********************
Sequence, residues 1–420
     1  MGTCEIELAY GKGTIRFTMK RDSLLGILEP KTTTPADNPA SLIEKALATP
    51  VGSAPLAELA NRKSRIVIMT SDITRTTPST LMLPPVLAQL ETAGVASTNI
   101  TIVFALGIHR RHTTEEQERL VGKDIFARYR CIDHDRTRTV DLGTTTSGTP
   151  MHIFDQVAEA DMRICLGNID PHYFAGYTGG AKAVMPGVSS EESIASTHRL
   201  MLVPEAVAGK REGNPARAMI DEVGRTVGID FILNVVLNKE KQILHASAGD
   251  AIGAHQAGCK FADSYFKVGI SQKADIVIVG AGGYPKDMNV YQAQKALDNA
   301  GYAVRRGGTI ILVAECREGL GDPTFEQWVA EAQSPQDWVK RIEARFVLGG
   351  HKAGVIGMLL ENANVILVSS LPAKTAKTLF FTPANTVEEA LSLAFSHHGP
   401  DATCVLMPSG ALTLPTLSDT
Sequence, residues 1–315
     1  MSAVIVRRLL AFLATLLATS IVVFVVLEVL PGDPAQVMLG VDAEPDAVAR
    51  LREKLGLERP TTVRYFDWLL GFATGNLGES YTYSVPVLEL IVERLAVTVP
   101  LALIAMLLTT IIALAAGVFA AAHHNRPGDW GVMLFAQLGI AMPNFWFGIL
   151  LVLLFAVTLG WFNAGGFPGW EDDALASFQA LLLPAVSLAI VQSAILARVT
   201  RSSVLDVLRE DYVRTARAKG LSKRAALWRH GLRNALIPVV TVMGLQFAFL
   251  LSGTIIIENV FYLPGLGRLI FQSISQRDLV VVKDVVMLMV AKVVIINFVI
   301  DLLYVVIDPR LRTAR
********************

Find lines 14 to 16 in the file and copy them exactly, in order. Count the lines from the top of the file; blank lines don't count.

   101  LALIAMLLTT IIALAAGVFA AAHHNRPGDW GVMLFAQLGI AMPNFWFGIL
   151  LVLLFAVTLG WFNAGGFPGW EDDALASFQA LLLPAVSLAI VQSAILARVT
   201  RSSVLDVLRE DYVRTARAKG LSKRAALWRH GLRNALIPVV TVMGLQFAFL